Tuesday, April 01, 2003

Delaware courts offer best protection against excessive jury awards:
Many, if not most, lawyers take medical malpractice suits on contingency; that is, they get paid only if they are successful. Such lawsuits are almost always complicated and involve not only doctors backed by big insurance companies but well-financed medical institutions as well.

An intelligent lawyer is unlikely to take a case on contingency without believing it has merit. Accepting bad cases on contingency leads to financial ruin.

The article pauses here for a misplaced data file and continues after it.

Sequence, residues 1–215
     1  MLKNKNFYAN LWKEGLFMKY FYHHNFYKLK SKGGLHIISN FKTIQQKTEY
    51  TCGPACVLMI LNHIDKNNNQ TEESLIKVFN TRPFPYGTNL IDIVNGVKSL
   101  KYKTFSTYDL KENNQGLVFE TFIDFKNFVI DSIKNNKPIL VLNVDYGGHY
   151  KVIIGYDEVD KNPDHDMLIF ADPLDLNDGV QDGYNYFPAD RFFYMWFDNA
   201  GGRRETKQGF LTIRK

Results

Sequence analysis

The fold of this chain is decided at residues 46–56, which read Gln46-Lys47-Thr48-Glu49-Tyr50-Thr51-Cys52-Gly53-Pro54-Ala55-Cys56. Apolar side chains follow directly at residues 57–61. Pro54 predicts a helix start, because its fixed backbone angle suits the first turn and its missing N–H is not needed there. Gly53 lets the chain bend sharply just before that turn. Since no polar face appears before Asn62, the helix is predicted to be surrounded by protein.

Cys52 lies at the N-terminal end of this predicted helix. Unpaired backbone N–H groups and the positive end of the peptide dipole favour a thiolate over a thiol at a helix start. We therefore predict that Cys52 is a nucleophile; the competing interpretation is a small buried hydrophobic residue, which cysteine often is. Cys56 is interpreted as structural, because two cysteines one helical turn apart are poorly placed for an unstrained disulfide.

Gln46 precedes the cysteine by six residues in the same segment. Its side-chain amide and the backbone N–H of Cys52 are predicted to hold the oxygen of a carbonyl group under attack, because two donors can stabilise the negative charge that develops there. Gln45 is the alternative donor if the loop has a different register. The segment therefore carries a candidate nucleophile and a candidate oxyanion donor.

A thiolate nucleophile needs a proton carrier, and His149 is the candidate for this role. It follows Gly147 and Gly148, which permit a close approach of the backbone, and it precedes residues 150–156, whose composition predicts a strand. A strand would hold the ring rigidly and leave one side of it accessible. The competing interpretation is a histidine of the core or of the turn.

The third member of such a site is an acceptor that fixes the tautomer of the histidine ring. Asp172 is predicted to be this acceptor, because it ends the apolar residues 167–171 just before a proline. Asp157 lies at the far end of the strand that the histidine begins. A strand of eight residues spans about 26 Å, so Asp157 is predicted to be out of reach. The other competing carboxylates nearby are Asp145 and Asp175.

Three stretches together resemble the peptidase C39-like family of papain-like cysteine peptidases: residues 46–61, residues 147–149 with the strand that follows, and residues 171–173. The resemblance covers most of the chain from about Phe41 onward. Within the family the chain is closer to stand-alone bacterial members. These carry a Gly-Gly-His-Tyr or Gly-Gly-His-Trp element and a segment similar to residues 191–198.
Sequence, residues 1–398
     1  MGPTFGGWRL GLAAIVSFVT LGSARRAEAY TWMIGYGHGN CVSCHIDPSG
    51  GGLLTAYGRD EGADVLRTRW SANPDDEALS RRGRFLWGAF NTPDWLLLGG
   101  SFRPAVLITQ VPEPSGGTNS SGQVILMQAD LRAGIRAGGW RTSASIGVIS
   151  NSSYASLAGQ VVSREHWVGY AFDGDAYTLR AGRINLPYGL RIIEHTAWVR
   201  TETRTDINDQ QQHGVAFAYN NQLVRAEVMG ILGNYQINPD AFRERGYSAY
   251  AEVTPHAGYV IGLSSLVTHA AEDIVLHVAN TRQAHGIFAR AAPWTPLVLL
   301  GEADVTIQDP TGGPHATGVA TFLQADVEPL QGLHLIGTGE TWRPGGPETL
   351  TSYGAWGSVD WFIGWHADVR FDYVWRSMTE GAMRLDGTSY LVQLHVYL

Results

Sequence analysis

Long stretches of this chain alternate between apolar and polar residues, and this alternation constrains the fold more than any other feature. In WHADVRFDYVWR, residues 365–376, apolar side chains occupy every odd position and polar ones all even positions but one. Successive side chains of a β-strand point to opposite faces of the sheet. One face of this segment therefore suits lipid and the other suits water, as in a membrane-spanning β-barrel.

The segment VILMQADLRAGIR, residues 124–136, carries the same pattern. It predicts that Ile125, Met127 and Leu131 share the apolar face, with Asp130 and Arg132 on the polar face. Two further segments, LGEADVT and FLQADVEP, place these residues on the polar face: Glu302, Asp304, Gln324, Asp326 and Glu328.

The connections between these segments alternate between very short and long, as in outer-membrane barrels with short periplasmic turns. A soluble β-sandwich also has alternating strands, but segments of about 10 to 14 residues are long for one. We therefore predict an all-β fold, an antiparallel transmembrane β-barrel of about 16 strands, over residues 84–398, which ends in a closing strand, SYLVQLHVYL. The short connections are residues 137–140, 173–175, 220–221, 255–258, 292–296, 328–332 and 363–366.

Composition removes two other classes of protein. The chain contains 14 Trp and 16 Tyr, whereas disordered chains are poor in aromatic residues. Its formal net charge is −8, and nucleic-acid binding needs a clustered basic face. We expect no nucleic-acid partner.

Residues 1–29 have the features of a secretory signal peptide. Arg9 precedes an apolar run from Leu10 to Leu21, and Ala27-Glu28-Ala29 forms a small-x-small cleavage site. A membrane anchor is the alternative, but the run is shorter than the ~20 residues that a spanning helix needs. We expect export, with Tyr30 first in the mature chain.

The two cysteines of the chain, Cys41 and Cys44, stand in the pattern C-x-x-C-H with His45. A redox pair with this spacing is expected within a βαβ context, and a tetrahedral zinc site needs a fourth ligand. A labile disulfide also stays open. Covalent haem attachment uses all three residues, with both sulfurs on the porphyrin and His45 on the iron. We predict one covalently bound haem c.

In addition, there can be other consequences of serious negligence besides economic loss. Injuries can damage lives for years in ways difficult to determine financially. Shouldn't victims receive some compensation? Shouldn't the negligent pay?

Of course, the editorial also posits that punitive damages should be paid to the state. If that was the case, then what lawyer, who knows that neither he nor his client will be paid based on a punitive award, will pursue such damages? His duty is to protect his client; punitives that don't go to his client not only don't benefit his client, they also draw the focus away from the client's case. Thus, it would be unethical to spend effort and focus on a claim that does not work to the client's benefit.

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